“This was a natural collaboration between chemistry and machine learning,” said David Duvenaud, a postdoctoral fellow in the Adams lab and coauthor of the paper. “Since the early stages of our chemical design process starts with millions of possible candidates, there’s no way for a human to evaluate and prioritize all of them. So, we used neural networks to quickly prioritize the candidates based on all the molecules already evaluated.”

“Machine learning tools are really coming of age and starting to see applications in a lot of scientific domains,” said Adams.  “This collaboration was a wonderful opportunity to push the state of the art in computer science, while also developing completely new materials with many practical applications. It was incredibly rewarding to see these designs go from machine learning predictions to devices that you can hold in your hand.”

“We were able to model these molecules in a way that was really predictive,” said Rafael Gómez-Bombarelli, a postdoctoral fellow in the Aspuru-Guzik lab and first author of the paper.  “We could predict the color and the brightness of the molecules from a simple quantum chemical calculation and about 12 hours of computing per molecule. We were charting chemical space and finding the frontier of what a molecule can do by running virtual experiments.”

“Molecules are like athletes,” Aspuru-Guzik said. “It’s easy to find a runner, it’s easy to find a swimmer, it’s easy to find a cyclist but it’s hard to find all three. Our molecules have to be triathletes. They have to be blue, stable and bright.”

But finding these super molecules takes more than computing power — it takes human intuition, said Tim Hirzel, a senior software engineer in the Department of Chemistry and Chemical Biology and coauthor of the paper.

To help bridge the gap between theoretical modeling and experimental practice, Hirzel and the team built a web application for collaborators to explore the results of more than half a million quantum chemistry simulations.

Every month, Gómez-Bombarelli and coauthor Jorge Aguilera-Iparraguirre, also a postdoctoral fellow in the Aspuru-Guzik lab, selected the most promising molecules and used their software to create “baseball cards,” profiles containing important information about each molecule. This process identified 2500 molecules worth a closer look.  The team’s experimental collaborators at Samsung and MIT then voted on which molecules were most promising for application. The team nicknamed the voting tool “molecular Tinder” after the popular online dating app.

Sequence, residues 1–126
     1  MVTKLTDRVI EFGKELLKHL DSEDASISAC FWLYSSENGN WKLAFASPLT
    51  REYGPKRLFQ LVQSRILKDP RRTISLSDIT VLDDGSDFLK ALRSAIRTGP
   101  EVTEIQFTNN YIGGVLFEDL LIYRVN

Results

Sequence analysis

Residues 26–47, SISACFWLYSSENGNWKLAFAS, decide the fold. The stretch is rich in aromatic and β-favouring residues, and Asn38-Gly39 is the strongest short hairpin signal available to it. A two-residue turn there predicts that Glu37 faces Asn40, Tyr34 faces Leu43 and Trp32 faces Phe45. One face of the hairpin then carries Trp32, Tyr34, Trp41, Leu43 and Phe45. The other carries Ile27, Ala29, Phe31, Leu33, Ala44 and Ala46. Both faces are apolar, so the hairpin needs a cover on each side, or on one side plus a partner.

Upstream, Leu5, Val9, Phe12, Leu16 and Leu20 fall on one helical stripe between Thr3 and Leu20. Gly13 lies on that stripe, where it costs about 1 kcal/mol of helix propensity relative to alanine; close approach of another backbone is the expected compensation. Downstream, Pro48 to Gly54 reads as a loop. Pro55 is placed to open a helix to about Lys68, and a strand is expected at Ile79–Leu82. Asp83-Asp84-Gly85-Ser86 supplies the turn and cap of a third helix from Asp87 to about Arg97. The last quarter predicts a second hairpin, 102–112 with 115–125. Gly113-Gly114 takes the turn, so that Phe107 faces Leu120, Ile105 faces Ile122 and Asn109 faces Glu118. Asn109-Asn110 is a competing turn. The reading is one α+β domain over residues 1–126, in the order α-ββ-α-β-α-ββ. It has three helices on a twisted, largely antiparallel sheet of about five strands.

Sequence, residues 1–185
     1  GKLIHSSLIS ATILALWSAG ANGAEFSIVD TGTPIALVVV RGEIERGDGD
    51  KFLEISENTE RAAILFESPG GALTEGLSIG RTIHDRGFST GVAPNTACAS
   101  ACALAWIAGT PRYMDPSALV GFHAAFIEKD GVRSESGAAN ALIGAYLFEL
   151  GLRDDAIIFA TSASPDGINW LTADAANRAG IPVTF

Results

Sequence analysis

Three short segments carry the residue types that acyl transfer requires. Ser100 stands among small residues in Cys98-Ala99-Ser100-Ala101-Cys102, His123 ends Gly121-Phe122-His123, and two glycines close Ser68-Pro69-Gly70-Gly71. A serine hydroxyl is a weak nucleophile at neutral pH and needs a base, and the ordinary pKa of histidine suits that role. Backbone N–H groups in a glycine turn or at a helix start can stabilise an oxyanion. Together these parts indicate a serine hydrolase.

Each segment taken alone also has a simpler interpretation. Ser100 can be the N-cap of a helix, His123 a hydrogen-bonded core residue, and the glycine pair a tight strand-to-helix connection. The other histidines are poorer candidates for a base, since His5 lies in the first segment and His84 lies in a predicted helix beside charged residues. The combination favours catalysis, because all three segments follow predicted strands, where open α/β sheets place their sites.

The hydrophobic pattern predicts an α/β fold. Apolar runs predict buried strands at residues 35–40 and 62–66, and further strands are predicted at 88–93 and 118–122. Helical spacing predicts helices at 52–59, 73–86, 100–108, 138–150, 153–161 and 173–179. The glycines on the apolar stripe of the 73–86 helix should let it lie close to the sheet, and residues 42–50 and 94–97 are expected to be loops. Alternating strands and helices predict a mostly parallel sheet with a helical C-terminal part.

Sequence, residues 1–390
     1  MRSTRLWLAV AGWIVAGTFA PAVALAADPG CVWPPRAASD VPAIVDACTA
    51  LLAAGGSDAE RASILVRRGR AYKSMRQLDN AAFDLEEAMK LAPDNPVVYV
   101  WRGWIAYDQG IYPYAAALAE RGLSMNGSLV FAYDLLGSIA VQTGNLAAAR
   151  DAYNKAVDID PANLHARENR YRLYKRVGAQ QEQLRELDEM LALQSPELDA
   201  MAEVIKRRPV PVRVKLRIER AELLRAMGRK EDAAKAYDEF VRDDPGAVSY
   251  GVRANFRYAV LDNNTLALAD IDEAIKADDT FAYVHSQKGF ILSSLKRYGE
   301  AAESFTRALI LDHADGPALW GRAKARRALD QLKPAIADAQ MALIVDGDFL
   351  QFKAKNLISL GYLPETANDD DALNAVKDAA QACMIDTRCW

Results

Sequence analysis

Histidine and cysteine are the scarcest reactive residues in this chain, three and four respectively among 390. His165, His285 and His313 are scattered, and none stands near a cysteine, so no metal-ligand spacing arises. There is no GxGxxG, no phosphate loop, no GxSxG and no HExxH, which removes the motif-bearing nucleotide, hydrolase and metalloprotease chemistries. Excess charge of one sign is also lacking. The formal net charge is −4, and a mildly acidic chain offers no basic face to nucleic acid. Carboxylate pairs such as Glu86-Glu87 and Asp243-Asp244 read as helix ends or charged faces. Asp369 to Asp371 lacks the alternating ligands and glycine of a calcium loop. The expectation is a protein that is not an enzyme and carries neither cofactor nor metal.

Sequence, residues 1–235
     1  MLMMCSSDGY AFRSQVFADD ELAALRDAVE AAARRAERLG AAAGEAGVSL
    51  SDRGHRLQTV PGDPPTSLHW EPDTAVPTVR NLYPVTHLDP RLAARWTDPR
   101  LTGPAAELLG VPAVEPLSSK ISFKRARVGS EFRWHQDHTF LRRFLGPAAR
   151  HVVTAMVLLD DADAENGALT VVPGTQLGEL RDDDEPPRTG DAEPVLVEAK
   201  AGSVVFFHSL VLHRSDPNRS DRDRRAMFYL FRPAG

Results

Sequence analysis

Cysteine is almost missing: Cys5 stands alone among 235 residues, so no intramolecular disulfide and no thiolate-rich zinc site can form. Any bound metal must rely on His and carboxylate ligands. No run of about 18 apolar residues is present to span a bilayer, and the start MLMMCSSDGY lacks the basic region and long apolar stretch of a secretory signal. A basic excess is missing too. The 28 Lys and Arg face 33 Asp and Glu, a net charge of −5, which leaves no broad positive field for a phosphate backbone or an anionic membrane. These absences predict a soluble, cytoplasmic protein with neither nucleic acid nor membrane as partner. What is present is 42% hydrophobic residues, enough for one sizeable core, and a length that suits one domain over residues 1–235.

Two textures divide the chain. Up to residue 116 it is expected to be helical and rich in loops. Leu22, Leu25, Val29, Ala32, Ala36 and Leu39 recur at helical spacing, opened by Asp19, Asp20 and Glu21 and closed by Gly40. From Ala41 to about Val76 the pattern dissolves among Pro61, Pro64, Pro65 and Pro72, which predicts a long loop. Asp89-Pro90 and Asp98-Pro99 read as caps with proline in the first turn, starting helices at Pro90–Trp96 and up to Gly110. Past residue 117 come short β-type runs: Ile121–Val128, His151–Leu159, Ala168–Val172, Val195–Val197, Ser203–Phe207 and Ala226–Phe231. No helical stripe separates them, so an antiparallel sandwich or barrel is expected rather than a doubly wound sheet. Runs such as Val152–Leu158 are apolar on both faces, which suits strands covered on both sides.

“We facilitated the social aspect of the science in a very deliberate way,” said Hirzel.

“The computer models do a lot but the spark of genius is still coming from people,” said Gómez-Bombarelli.

“The success of this effort stems from its multidisciplinary nature,” said Aspuru-Guzik. “Our collaborators at MIT and Samsung provided critical feedback regarding the requirements for the molecular structures.”

“The high throughput screening technique pioneered by the Harvard team significantly reduced the need for synthesis, experimental characterization, and optimization,” said Marc Baldo, Professor of Electrical Engineering and Computer Science at MIT and coauthor of the paper. “It shows the industry how to advance OLED technology faster and more efficiently.”

After this accelerated design cycle, the team was left with hundreds of molecules that perform as well as, if not better than, state-of-the-art metal-free OLEDs.

Applications of this type of molecular screening also extend far beyond OLEDs.

“This research is an intermediate stop in a trajectory towards more and more advanced organic molecules that could be used in flow batteries, solar cells, organic lasers, and more,” said Aspuru-Guzik. “The future of accelerated molecular design is really, really exciting.”

Learn more: Towards a better screen



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Organic lights and solar cells straight from the printer

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Organic lights and solar cells straight from the printer

Flickering façades, curved monitors, flashing clothing, fluorescent wallpaper, flexible solar cells – and all printable.

This is no make-believe vision of the future; it will soon be possible using a new printing process for organic light-emitting diodes.

Time is slowly running out for bulky television sets, boxy neon signs and the square-edged backlit displays we all know from shops and airports. It won’t be long before families gathering together to watch television at home will be calling out: “Unroll the screen, dear, the film’s about to start!” And members of the public may soon encounter screens everywhere they go, as almost any surface can be made into a display. “These may just be ideas at the moment, but they have every chance of becoming reality,” says Dr. Armin Wedel, head of division at the Fraunhofer Institute for Applied Polymer Research IAP in Potsdam-Golm. The first curved screens were on display at this year’s consumer electronics trade show (IFA) in Berlin. The technology behind it all? OLEDs: flexible, organic, light-emitting diodes.